Let’s go back to Momus listening to the unintentional noises made by humans using machines: what we have here is the debris of another noisy computer, the noise of a key that we weren’t supposed to notice. Something about the way these scans is dated in a very particular way – half of the internet looked like this in 1997, before everyone learned to use Photoshop properly. Which is when, in fact, this particular document was constructed. In this ugliness we have, unintentionally, humanity. John Ruskin (not a name often conjured with when talking about the future) declared that one of the hallmarks of the Gothic as an architectural style was a perceived “savageness”: it was not smoothed off like his Victorian contemporaries would have liked. But “savageness”, for him, was no reproach: instead, it was a trace of the labor that went into it, a trace of the work’s humanity. Perfection, for him, was inhumane: humanity

. . . was not intended to work with the accuracy of tools, to be precise and perfect in all their actions. If you will have that precision out of them, and make their fingers measure degrees like cog-wheels, and their arms strike curves like compasses, you must unhumanize them . . 

(The Stones of Venice) What we have here is, I think, something similar. While Project Gutenberg is probably ashamed of the quality of these graphics, there’s something to be appreciated here. This is a text on its way to becoming a book; it unintentionally reveals its human origins, the labor of the anonymous worker who scanned in the illustrations. It’s a step in the right direction, but there’s a great distance still to go.

“the minotaur project” featured at ELO

Kim’s hypermedia poem cluster, “The Minotaur Project,” is currently featured at the Electronic Literature Organization. Highly recommended.

ron silliman: “the chinese notebook”

5. Language is, first of all, a political question.

The cover of Ron Silliman's _The Chinese Notebook_Like the problem of hunger in the world, the problem with publishing in the United States isn’t one of supply but one of distribution.

What’s worried me lately: that I go to airport bookshops and always see the same books. Because I live in New York, I can go to any number of specialized bookshops & find just about anything I want. The same is not true in many other parts of the country; the same is certainly not true in many other parts of the world. What worries me about airport bookshops is how few books they carry: how narrow a range of ideas is presented. May God help you if you’d like to buy anything other than Dan Brown in the Minneapolis/St. Paul airport. This is an exaggeration, but not by much. James Patterson is also available, as are the collected works of J. K. Rowling, and, for a limited time, those of J. R. R. Tolkien.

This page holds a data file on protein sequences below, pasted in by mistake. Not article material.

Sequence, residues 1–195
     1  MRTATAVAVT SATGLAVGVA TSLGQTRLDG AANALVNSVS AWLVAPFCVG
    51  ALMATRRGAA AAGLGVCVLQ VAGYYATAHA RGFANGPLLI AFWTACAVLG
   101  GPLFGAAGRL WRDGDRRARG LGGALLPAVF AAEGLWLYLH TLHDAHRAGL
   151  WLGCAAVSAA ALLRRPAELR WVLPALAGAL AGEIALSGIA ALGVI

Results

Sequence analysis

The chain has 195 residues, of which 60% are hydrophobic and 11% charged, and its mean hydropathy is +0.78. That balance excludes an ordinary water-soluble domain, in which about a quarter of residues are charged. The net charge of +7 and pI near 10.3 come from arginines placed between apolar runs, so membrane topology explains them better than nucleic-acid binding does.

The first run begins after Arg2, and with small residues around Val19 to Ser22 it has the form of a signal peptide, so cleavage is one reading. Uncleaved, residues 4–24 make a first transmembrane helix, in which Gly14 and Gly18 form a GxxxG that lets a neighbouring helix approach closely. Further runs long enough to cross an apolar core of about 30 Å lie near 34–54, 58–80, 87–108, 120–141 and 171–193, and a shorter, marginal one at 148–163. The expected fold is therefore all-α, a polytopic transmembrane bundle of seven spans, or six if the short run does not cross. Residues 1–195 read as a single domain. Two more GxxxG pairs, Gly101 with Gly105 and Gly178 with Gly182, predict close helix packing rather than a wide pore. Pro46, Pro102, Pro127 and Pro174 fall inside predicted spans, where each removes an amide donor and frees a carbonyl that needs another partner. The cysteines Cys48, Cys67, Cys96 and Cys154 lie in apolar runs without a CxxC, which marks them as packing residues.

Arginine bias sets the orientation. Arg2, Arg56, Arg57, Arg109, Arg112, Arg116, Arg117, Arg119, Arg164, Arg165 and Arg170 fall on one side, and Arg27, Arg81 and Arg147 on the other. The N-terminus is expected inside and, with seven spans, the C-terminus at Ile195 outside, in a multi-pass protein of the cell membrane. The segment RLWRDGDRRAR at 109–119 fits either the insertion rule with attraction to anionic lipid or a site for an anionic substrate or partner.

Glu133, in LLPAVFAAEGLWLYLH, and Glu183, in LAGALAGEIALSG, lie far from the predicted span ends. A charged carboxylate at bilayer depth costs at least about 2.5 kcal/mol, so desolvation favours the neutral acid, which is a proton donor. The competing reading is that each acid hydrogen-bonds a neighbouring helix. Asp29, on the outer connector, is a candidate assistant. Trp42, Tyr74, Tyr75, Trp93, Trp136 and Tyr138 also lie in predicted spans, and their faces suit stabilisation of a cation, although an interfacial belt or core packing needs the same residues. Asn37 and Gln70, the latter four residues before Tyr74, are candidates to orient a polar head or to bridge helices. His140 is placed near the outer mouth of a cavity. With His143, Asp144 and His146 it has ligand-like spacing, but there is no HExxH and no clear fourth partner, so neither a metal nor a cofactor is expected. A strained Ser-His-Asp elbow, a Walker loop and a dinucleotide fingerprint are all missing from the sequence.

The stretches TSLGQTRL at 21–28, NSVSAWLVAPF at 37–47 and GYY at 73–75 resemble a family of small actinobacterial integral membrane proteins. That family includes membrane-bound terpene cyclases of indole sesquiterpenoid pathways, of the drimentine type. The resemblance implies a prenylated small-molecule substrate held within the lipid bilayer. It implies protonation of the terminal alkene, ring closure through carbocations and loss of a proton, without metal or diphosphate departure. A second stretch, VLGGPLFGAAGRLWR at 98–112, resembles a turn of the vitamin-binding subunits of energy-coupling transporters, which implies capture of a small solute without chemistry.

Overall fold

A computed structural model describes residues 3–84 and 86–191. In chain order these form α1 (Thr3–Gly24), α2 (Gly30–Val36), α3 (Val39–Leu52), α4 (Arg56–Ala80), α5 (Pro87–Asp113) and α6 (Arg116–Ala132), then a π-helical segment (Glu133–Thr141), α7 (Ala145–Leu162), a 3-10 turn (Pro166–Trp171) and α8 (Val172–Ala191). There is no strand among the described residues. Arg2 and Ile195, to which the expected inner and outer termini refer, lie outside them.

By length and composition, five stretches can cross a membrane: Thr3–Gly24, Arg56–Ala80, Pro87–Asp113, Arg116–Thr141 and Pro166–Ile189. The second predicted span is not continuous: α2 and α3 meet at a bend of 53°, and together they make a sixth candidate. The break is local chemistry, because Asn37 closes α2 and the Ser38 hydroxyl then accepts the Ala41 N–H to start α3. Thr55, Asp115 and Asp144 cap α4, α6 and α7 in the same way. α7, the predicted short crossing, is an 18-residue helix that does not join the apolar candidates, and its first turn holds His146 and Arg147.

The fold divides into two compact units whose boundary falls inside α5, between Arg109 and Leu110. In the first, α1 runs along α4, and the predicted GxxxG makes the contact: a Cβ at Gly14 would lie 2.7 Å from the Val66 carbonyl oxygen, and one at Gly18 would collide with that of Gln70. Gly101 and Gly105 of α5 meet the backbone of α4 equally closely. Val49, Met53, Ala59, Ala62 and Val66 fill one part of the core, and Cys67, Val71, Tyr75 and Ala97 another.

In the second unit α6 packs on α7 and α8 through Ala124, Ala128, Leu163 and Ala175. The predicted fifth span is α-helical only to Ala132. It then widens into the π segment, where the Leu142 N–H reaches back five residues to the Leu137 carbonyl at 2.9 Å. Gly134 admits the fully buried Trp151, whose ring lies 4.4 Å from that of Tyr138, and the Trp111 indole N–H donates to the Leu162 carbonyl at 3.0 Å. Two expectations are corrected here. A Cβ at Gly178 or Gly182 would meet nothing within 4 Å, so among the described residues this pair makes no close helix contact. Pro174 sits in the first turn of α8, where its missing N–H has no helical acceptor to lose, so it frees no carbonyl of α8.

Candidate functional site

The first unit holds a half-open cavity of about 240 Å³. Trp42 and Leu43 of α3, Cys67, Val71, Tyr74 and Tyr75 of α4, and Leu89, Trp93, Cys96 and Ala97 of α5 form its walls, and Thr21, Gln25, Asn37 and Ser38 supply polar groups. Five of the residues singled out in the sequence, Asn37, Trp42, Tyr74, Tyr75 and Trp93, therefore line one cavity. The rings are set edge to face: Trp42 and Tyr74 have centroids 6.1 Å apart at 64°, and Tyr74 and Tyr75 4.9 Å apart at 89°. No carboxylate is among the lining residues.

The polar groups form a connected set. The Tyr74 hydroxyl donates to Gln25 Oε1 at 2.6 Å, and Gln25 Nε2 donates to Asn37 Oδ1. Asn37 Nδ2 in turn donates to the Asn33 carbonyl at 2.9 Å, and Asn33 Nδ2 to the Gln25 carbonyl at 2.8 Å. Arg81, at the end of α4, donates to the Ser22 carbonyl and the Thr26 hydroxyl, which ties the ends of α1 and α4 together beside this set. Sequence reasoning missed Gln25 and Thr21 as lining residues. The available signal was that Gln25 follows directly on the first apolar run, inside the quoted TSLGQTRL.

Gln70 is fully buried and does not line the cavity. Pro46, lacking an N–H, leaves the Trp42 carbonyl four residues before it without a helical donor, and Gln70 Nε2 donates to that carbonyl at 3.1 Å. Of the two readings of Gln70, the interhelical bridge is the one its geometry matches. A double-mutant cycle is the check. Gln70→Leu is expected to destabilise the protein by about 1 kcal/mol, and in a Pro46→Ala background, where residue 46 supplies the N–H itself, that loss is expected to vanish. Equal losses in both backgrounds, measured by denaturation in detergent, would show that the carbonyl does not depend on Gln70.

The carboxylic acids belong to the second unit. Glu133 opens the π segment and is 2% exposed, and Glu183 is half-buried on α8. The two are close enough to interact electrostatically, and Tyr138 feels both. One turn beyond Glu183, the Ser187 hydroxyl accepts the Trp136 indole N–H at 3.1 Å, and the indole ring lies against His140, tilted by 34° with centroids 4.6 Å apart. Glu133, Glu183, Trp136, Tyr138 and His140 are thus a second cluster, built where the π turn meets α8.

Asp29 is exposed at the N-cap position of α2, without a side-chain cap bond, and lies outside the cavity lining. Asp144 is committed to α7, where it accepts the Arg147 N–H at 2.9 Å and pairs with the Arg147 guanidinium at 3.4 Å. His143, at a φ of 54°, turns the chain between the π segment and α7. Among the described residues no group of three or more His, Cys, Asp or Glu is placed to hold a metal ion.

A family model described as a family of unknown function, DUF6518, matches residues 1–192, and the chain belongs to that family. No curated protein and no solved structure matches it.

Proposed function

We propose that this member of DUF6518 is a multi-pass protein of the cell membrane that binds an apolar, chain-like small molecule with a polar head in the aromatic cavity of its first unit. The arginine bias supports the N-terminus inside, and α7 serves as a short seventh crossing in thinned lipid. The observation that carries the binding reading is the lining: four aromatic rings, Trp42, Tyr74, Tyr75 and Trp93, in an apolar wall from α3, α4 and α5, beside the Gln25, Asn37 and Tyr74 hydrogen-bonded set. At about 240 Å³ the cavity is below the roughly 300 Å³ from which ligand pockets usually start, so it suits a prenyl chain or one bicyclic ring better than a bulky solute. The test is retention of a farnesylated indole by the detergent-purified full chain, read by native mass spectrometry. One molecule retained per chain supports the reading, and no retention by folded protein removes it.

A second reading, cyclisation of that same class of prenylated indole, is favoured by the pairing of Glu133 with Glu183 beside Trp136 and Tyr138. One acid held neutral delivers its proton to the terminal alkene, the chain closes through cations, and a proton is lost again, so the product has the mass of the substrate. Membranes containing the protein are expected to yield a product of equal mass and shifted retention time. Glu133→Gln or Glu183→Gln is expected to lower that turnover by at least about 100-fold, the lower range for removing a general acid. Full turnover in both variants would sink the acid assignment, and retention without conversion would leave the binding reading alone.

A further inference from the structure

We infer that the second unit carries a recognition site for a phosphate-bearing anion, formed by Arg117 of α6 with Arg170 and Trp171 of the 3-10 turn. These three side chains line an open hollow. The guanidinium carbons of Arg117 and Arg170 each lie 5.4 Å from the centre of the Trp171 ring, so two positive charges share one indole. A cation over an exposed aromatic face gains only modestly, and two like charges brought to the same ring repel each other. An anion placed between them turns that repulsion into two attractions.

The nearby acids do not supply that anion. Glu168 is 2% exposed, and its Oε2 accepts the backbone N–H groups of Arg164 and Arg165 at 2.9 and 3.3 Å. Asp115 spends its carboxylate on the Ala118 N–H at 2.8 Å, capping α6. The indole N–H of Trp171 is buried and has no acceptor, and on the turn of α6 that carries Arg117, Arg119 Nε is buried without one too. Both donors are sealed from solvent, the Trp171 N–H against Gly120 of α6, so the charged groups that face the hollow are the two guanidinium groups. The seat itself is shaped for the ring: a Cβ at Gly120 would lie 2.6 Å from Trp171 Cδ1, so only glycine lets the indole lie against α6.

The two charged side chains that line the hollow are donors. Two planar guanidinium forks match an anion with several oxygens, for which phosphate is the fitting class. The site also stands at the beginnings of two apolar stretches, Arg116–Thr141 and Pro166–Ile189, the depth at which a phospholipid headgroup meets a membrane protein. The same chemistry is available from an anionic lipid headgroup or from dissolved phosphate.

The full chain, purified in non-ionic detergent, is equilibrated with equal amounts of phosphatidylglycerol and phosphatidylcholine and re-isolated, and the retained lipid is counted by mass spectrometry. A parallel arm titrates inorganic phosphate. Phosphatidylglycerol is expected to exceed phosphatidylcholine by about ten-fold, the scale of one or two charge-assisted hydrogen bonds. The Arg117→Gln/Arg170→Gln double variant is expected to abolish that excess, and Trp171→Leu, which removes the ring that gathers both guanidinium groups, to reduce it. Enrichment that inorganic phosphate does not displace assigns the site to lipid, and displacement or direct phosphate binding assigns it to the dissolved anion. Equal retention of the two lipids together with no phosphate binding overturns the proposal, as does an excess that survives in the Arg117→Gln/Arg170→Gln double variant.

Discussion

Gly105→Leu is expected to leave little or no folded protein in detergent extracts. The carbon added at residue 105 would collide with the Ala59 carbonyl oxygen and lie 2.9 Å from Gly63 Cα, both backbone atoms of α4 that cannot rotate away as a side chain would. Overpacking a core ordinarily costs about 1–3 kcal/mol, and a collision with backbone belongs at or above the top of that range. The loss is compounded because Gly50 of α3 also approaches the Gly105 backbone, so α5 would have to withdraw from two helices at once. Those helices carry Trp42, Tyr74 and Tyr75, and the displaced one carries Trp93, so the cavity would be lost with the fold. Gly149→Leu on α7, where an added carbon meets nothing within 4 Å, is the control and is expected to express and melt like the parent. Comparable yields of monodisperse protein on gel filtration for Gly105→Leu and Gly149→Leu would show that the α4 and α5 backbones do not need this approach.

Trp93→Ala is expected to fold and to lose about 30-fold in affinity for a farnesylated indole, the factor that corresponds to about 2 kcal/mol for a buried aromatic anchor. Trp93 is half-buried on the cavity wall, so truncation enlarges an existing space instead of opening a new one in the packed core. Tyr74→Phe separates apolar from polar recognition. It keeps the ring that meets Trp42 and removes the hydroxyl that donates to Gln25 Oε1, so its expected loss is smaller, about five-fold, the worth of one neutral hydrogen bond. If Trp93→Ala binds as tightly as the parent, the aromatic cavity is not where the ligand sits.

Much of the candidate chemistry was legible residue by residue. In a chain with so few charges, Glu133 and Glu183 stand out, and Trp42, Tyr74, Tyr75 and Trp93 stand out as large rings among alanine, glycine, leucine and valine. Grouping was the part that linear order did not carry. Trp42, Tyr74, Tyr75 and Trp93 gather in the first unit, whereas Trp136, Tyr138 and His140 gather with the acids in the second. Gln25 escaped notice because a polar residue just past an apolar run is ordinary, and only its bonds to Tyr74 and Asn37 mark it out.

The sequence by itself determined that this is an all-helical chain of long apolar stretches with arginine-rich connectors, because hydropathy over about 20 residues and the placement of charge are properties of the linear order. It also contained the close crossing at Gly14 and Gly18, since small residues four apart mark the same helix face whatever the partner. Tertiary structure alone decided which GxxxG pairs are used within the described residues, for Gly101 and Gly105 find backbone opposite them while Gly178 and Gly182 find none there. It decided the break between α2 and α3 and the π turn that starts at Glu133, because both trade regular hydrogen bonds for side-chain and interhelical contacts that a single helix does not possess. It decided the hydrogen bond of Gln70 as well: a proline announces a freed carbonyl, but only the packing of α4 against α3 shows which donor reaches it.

Into this emptiness is paraded the miracle of electronic publishing. As pushed by Jason Epstein, amongst others, the idea of print-on-demand will solve the question of supply forever more – you could go to a bookstore, request a book, and Barnes & Noble would print it out for you. (Let’s not think about copyright for the moment.) Jason Epstein believes these machines will be small enough to fit into an airport bookstore. This hasn’t happened yet, and I’m doubtful that it will any time soon, if at all. Booksellers have the supply & distribution issue down cold for Brown & Patterson & J. K. Rowling – they have no incentive to invest in these machines. When was the last time you, member of the reading public, went to complain to Barnes & Noble about their selection?

Until this marvelous future creates itself out of publishers’ good will towards humanity, people are presenting texts online, with varying degrees of success. If you have a laptop in the MSP airport (& a credit card to pay for wireless internet there), or, for that matter, any computer connected to the internet, you can go to and browse their archive of documents of the avant-garde. Among the treasures are /ubu editions, an imprint that electronically reprints various texts as PDFs. They’re free. I have a copy of Ron Silliman’s The Chinese Notebook, a reprint of a 26-page poem which originally appeared in The Age of Huts. Ubu reprinted it (and the other two parts of The Age of Huts) with Silliman’s permission.

6. I wrote this sentence with a ballpoint pen. If I had used another, would it be a different sentence?

/Ubu editions (edited by Brian Kim Stefans) aren’t really electronic books, and don’t conceive of themselves as such. Rather, they are a way of electronically distributing a book. This PDF is 8.5” x 11”. While you can read it from a screen – I did – it’s meant to be printed out at home & read on paper. That said, this isn’t a quick and dirty presentation. Somebody (a mysterious “Goldsmith”) has gone to the trouble of making it an attractive object. It has a title page with attractive, interesting, and appropriate art (an interactive study by Mel Bochner from Aspen issue 5–6; graciously hosts this online as well). There’s a copyright page that explains the previous. There’s even a half title page – somebody clearly knows something about book design. (How useful a half title page is in a book that’s meant to be printed out I’m not sure. It’s a pretty half title page, but it’s using another piece of your paper to print itself.) There’s also a final page, rounding off the total to 30 pages; if you print this off double-sided, you’ll have your very own beautiful stack of paper.